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How this CVS Health executive is compelling beauty companies to use unaltered images in their ad campaigns

For battling unrealistic beauty standards, CVS Health CMO Norman de Greve is one of Fast Company’s Most Creative People of 2019.

How this CVS Health executive is compelling beauty companies to use unaltered images in their ad campaigns
[Photo: Jesse Burke]


In an age when beauty standards have become wildly unrealistic, CVS Health—the country’s second-largest beauty retailer, with nearly 10,000 stores—is fighting back. Under CMO Norman de Greve, the company began assessing a year ago all the images in its stores, social media feeds, advertising materials, and on its website, and applying a “Beauty Unaltered” watermark to those that had not been substantially retouched—and a “digitally altered” label to those that had. Today, some 70% of images have been examined as part of the Beauty Mark initiative, and de Greve is working closely with every brand in CVS, including L’Oréal, CoverGirl, and Revlon, to achieve its goal of labeling 100% of the images in its stores by 2020 and moving the needle toward greater transparency in the beauty industry. “We have a platform that can enable this to happen,” he says.

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Fast Company: Why did you decide to pursue this initiative?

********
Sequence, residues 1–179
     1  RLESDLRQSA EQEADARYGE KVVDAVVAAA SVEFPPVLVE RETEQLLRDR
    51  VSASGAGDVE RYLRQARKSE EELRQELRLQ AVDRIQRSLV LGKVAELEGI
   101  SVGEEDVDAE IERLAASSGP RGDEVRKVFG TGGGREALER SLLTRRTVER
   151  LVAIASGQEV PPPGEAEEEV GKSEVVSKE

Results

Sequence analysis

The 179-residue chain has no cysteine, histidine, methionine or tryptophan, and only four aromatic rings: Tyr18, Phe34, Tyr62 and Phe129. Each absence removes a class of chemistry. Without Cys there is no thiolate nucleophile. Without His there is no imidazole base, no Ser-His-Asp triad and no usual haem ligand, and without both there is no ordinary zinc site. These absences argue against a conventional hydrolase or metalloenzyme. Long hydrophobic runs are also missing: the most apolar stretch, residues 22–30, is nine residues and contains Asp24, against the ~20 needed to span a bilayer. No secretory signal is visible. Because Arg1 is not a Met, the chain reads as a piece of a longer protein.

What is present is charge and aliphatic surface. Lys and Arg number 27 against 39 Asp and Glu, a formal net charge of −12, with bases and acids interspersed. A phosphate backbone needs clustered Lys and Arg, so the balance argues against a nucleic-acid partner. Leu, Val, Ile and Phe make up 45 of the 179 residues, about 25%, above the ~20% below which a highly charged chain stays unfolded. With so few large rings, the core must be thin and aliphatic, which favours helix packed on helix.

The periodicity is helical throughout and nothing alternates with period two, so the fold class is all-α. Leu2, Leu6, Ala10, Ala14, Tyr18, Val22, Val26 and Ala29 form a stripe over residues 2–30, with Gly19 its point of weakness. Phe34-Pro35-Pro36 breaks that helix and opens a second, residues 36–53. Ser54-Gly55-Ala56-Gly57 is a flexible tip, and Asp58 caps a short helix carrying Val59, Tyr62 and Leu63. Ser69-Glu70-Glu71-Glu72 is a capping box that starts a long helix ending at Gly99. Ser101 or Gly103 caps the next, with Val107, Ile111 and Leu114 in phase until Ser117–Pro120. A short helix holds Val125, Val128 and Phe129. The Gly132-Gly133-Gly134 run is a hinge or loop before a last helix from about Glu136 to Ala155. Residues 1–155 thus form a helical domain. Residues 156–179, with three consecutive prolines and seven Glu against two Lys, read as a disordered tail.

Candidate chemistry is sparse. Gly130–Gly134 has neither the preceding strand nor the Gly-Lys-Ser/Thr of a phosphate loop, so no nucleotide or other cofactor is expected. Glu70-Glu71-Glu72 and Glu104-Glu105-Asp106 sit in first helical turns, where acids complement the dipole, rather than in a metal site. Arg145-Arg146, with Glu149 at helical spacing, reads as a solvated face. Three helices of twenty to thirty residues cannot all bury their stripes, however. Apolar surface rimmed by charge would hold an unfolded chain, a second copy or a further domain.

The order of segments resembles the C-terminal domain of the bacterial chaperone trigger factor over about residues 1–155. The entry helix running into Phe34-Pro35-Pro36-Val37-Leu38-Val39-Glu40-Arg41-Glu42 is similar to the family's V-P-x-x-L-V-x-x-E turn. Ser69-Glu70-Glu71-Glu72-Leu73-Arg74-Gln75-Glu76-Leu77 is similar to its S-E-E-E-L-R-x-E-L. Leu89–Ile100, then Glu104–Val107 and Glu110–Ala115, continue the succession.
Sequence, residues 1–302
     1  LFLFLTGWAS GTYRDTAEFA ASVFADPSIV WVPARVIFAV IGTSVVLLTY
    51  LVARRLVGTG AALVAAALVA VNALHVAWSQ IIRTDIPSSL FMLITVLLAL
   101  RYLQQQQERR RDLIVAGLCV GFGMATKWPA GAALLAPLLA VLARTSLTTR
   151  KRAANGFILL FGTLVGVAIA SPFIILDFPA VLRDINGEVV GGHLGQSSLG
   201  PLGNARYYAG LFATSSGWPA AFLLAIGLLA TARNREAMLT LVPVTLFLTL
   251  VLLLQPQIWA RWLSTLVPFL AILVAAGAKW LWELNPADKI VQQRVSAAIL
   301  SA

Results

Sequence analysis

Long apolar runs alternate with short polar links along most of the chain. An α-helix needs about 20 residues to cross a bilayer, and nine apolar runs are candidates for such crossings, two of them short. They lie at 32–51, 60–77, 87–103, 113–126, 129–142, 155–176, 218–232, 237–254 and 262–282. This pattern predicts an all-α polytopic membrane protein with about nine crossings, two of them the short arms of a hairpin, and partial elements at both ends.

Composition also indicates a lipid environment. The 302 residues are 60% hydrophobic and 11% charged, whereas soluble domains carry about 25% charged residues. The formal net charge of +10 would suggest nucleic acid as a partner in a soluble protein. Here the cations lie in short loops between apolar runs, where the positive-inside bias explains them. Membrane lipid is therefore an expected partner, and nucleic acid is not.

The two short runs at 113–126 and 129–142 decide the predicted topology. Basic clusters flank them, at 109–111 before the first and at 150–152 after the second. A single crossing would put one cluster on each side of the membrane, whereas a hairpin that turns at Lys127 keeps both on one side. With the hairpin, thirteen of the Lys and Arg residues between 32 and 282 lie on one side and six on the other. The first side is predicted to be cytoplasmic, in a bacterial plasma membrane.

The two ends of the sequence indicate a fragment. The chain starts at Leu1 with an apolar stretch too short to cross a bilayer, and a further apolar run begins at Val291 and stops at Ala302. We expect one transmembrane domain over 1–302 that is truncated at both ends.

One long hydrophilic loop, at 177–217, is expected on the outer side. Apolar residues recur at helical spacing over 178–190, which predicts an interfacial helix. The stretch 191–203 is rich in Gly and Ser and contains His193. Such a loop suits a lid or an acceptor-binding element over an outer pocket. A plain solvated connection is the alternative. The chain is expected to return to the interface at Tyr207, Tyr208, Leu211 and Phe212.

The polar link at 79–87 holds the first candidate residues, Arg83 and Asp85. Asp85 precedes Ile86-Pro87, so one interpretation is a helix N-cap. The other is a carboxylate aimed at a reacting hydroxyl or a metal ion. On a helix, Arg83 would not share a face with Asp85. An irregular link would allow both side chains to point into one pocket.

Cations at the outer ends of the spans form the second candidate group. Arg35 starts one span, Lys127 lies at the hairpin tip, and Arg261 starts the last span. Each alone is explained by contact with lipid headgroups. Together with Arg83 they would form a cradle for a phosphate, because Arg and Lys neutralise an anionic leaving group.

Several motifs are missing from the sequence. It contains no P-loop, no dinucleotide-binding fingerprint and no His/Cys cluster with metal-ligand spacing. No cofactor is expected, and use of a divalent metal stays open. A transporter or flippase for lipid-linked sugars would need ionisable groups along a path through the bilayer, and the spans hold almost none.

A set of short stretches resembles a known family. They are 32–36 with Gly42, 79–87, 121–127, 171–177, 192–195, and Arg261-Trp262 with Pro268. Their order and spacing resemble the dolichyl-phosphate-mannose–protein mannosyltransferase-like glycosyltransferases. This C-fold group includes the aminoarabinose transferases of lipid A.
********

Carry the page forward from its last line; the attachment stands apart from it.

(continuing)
Norman de Greve: Research shows that the majority of women feel worse about themselves after seeing a beauty ad, and digitally altered images of women are contributing to this problem. But we also saw that consumers were gravitating toward social influencers who are authentic and wear their flaws on their sleeve.

FC: How has the beauty industry responded?

ND: The brands have to decide whether to [use] digitally altered images [in CVS stores] or reshoot their campaigns so they can receive the Beauty Unaltered mark. Johnson & Johnson actually reshot its ads with Kerry Washington so that it would meet our guidelines—and then used those images across all retailers.

FC: Have sales been affected?

ND: The idea that consumers are buying from purpose-driven companies is real. Since we launched Beauty Mark, we’ve gained not just sales but also market share. [It’s like when we] stopped selling tobacco in our stores [in 2014], and sales went up. [That initiative] enabled people to see us as committed to their health. And on the B2B side of CVS, which is about insurance and things like that, clients saw us helping our members. People said, “I want to be associated with this.”

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About the author

Elizabeth Segran, Ph.D., is a staff writer at Fast Company. She lives in Cambridge, Massachusetts

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